Fri, Dec 14, 2012 | 13:35 GMT
BioShock Infinite stays true to its setting despite some “negative Rorschach views”
With all the Ken Levine BioShock Infinite interviews coming out, PC Gamer delve into some of the darker elements of the game resulting from the period it’s set in.
Talking to PC Gamer, he goes into the time period of the game and staying true to it, but also some things that many might not consider about American History.
“I don’t feel that it’s the purpose of the game or the responsibility of the game to be a survey of American history,” he said. “Certainly there are many things that are in Columbia that were very prevalent at the time, whether it’s charismatic religious movements, whether it’s a sense of growing nationalism—which was very present at the time. I’ve talked about that before, so I won’t bore you with that again. Or the deeply institutionalized racism and classism, which were… It was so prevalent that when you go back and read the writings of known figures like Teddy Roosevelt, who was extremely progressive in so many ways… I’m not using “progressive” in the sort of “Fox News versus MSNBC” way. I’m just saying that he was involved in anti-trust, in splitting up large corporations like Standard Oil.
“He was also a champion of the rights of the poor. But he was also what you would call a neoconservative in a lot of ways. He was very keen on American expansion. When you read his writings as sort of what you would call, at the very least, an extremely compassionate conservative, he would refer to Jews and African-Americans in the most horrible of terms. He was a man of his time. Abraham Lincoln, if you read his writings now, how would you ascribe him? Even though he’s the most important abolitionist of all time, and a great man, he was a man of his time. He viewed African-Americans as a lesser race. He just thought they should be free. Thomas Jefferson owned slaves. George Washington owned slaves. People were men of their times, and this is a game that’s set in a time where, if you don’t have those elements in the game, it’s just dishonest, you know?”
Levine said he realized the team needed to diversify but not because “it was unrepresentative of reality” and he wanted to be, but because it was need to tell a story.
“Most people don’t know how Catholics were viewed in this country, or how the Irish were viewed in this country,” he said. “They were viewed as… I use this term obviously not from myself, but at the time they were viewed as subhuman by some people. When we had our first Catholic president in 1960, many people thought he was going to be an operative of the Pope. He had to publicly proclaim that he wasn’t. We’re fortunate to grow up in a time where a lot of that is behind us. But this game wouldn’t be honest if we didn’t have that.”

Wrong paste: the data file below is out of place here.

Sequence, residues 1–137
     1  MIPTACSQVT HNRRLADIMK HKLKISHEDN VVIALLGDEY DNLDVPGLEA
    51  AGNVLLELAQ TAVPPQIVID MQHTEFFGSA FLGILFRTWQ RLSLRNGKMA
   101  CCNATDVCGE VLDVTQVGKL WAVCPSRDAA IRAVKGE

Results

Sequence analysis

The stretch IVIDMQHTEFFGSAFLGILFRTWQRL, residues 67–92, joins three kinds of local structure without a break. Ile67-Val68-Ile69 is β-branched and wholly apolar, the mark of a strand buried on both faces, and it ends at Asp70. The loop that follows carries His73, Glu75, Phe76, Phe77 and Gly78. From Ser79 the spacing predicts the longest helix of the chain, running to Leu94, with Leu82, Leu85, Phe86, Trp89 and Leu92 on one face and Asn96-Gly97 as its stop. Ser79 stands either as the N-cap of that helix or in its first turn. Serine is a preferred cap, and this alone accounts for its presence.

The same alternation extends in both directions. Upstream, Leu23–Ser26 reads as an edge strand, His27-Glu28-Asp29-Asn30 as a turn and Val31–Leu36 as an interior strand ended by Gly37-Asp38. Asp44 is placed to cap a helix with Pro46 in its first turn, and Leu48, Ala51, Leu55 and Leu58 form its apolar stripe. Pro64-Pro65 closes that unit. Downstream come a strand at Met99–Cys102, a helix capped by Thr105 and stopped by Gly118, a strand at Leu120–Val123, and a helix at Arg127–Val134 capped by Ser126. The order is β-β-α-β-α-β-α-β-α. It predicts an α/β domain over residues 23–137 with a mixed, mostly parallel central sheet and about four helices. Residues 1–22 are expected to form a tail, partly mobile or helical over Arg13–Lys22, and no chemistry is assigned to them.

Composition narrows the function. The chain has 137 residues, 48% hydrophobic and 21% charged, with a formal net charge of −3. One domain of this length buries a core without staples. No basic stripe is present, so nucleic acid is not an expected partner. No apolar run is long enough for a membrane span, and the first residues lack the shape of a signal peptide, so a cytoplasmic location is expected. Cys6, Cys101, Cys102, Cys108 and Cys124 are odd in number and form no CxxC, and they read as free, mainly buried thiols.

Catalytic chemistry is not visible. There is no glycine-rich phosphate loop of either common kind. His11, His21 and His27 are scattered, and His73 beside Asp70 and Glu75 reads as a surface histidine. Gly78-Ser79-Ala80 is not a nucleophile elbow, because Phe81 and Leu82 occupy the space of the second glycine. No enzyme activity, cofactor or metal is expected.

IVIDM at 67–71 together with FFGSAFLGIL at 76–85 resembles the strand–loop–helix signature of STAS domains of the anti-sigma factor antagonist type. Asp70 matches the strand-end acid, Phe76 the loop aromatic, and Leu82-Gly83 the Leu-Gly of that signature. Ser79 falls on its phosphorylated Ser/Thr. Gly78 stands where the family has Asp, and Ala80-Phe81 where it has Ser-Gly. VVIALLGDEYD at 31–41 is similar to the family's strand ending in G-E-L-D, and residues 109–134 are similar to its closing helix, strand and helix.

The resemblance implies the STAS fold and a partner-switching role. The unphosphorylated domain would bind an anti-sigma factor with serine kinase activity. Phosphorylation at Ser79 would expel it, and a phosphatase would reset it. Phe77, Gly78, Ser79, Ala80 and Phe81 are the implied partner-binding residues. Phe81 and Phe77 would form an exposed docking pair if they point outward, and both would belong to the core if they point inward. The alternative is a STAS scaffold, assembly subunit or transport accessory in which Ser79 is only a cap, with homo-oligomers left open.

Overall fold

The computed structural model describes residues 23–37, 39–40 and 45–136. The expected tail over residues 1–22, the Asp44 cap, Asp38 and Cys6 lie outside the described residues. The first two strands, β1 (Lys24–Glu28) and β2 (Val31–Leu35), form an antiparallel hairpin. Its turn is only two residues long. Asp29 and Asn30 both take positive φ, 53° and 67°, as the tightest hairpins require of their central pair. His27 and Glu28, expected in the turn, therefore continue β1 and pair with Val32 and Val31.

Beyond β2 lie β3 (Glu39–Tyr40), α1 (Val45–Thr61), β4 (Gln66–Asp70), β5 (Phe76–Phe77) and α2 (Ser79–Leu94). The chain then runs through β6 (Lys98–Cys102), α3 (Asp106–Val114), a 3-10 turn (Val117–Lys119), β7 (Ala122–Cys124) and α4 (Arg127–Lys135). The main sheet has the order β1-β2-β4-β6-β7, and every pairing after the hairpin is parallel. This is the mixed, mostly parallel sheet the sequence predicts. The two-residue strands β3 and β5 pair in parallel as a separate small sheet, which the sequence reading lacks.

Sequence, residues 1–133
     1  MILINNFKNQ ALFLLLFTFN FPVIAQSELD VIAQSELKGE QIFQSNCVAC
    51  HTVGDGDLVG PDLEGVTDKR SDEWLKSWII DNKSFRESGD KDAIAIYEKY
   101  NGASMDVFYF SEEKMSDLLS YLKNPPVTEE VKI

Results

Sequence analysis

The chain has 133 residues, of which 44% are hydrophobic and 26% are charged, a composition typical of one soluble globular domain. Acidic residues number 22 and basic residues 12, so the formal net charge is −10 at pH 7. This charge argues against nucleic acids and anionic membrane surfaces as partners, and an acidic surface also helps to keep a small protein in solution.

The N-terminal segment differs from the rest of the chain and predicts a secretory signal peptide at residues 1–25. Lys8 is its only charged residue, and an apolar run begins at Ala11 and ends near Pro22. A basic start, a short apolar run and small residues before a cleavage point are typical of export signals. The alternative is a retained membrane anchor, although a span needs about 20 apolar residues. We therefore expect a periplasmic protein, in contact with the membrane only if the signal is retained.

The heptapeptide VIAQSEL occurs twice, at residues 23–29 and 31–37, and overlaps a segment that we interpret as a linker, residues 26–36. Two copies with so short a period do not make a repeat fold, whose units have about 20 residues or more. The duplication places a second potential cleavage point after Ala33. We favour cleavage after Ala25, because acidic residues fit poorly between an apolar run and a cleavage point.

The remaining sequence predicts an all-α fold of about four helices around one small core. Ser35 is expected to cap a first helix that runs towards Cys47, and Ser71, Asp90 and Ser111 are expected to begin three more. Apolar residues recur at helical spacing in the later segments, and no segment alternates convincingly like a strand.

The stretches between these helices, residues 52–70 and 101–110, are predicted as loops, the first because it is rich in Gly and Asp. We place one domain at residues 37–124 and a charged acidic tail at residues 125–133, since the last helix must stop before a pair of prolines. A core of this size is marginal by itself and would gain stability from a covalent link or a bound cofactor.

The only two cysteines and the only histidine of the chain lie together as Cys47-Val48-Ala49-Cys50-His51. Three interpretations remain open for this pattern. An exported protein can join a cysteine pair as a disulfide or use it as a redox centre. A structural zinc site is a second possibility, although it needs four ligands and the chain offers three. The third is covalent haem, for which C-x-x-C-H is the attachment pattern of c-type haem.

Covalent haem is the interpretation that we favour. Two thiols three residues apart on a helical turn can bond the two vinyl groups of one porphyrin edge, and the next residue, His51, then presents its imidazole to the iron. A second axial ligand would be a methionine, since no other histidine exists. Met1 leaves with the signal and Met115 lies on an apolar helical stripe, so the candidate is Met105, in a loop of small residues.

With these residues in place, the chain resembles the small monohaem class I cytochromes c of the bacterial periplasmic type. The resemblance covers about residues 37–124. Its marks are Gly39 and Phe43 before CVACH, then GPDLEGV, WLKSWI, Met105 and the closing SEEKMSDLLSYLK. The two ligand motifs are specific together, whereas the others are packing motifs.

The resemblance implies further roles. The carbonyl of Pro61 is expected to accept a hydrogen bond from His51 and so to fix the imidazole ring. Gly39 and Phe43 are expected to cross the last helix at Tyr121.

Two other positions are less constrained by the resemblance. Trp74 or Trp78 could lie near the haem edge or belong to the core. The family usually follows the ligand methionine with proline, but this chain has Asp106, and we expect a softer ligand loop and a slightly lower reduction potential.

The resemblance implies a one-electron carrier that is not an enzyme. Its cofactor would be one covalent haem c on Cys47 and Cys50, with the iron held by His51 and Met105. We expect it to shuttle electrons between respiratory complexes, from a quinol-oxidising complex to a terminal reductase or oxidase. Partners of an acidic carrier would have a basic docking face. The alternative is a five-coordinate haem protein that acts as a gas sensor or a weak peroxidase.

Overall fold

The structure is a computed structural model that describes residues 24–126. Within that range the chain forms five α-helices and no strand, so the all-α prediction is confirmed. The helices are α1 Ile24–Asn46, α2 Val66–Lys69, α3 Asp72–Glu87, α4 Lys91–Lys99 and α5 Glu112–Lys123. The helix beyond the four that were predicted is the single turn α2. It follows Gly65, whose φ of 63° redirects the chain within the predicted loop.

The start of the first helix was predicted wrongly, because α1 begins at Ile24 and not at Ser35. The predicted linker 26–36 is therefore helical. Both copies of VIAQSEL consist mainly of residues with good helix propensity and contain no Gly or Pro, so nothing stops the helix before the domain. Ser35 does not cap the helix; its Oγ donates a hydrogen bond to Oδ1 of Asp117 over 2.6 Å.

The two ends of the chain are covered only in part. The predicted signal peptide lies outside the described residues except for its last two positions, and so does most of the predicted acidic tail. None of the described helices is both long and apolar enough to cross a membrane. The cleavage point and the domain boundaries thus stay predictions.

A game like this will be perceived in many different ways and is somewhat of a mirror for some, Levine explains.
“When I started working on this game, relatives of mine were very offended, because they thought it was an attack on the Tea Party. Specifically an attack on the Tea Party, which they were very active in. Then, when we sort of exposed the Vox Populi people, I saw a lot more left-leaning websites being like, ‘This is trying to tear down the labor movement!’ I remember that I saw postings, unfortunately, on a white supremacist website, Stormfront, where people literally said, ‘The Jew Ken Levine is making a white-person-killing simulator.’
“I think these games are a bit of a Rorschach for people. It’s usually a negative Rorshach. It pisses them off, you know? But I’d way rather have that than to…These games are, to some degree… If they’re about anything they’re about not buying into a single point of view. About having a lack of confidence in anything. They’re not ever an attack on a single idea. It’s a bit of a plague on all your houses. The American experiment is insanely successful and positive. The notion of democracy is the most… There’s that saying that “it’s the worst political system in the world, except for all the others.” It’s transformed the entire world. The founders in this world, this city, were worshipped.”
Levine goes on to compare his experience with the first BioShock to cable TV show Mad Men, saying he was stunned the team was “given this money to make a game about failed Objectivist utopia,” you know? It’s insane.”
You should also check out Stace’s interview with Levine following the first hands on of the game.
Game’s out in March on PC, PS3, and Xbox 360.